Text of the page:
fragilis isolated from the transcervical local culture, but the endometrium cultures were sterile. This patient had a transient fever, was treated with antibiotics, and was discharged on her fourth hospital day. All other isolates were considered contaminants. Larsen and associates7 felt that they could predict clinically significant infection by the presence of polymorphonuclear leukocytes in the amniotic fluid, but anaerobic studies were not done. Chow 2 reported 94 cases of neonatal bacteremia, 26 of. which were due to anaerobes. A review of the cases showed that prolonged rupture of the membrane, 24 hours or longer, was the most frequent common denominator. Most strikingly, the bacteriologic findings and neonatal courses of these infants, with one exception, were surprisingly uneventful. The mothers had stable postpartum courses, in general. Chow stated that once the neonates were removed from the infected amniotic fluid, their bacteremia was relatively transient, and that in women with postpartum sepsis, removal of septic foci contributed to their rapid recovery. Our studies would indicate that amniotic fluid from the intact amniotic cavity is sterile. Women who had clinical courses consistent with infection and who had bacteriologic evidence of infection had two characteristics in common. One was premature rupture of the membrane with a rather prolonged course; the other was the number of vaginal examinations done prior to amniocentesis. Morrison, 12 and co-workers 8 found that infection increased following ten or more vaginal examinations prior to delivery. In our study we are not certain whether the large number of vaginal examinations contributed to the infection or were done to follow patients with ruptured membranes who were developing complications, or a combination of the two. In many cases, following rupture of the membranes, amniotic fluid

Downloaded from http://ajcp.oxfordjournals.org/ by guest on June 6, 2016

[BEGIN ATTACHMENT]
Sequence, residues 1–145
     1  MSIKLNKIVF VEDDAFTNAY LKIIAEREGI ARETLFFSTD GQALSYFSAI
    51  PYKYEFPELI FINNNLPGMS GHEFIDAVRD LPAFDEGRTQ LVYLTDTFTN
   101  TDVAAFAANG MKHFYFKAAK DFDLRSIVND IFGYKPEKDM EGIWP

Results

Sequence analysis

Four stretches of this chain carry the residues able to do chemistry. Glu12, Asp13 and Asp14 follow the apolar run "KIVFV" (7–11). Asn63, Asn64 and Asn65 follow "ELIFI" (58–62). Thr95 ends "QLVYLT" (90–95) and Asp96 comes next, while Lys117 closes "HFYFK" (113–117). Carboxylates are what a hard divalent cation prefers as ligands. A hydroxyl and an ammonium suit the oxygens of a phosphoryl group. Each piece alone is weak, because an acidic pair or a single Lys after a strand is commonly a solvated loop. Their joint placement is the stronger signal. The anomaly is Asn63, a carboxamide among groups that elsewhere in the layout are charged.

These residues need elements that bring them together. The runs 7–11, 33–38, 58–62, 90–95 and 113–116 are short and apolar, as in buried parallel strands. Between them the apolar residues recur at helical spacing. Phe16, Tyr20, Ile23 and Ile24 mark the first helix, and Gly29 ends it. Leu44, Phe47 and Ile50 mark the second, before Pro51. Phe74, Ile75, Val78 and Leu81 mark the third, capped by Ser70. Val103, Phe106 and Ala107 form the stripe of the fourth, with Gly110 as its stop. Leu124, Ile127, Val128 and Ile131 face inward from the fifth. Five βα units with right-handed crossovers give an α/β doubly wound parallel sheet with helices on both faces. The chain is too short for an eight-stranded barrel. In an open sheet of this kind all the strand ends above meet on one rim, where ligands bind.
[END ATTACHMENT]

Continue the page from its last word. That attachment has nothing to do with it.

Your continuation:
nants. Bacterial growth in the transcervical samples was thought to reflect the method of collection rather than infection. It was Stroup's opinion that penetration of intact fetal membranes by vaginal bacteria probably does not occur often, even during labor. Harwick, Iupea, and Fekerty 5 studied amniotic fluid specimens from 60 patients, 44 of whom had been hospitalized for therapeutic abortions at 14 to 20 weeks. This population limited the scope of the patients studied. Of the 60 patients, 44 had sterile amniotic fluid, four cultures yielded Mycoplasma hominis, two cultures were positive for Staphylococcus albus. They noted that Mycoplasma has been associated with spontaneous abortion, and felt that vaginal examination may allow entry of the organism when it is present in the cervix, possibly permitting intrauterine infection in an otherwise normal pregnancy. Prevedourakis and associates10 studied 39 samples of amniotic fluid during pregnancy, and 78 samples obtained during labor by abdominal amniocentesis. Once during pregnancy and eight times d u r i n g labor, organisms thought by the authors to be pathogenic were isolated in the amniotic fluid. No clinical symptoms were found in the mother or in the newborn infant. A total incidence of 7.69% of bacterial invasion in the amniotic cavity was noted. In a further expansion of these studies, apparently using some of the same information and recorded in 1971, Prevedourakis and colleagues 9 found an isolation rate of 7.85% without maternal or fetal morbidity. Spore and co-workers 12 studied the bacteriology of postpartum oviducts and endometrium: 26 women were studied by transuterine aspiration, 5 to 18 hours post partum. In one patient Clostridium perfringens, Bacteroides fragilis, and a Peptostreptococcus were isolated from the endometrium. This patient's postpartum course was unremarkable. One patient had Peptostreptococcus sp. and Bacteroides

A.J.C.P. —Vol. 65

January 1976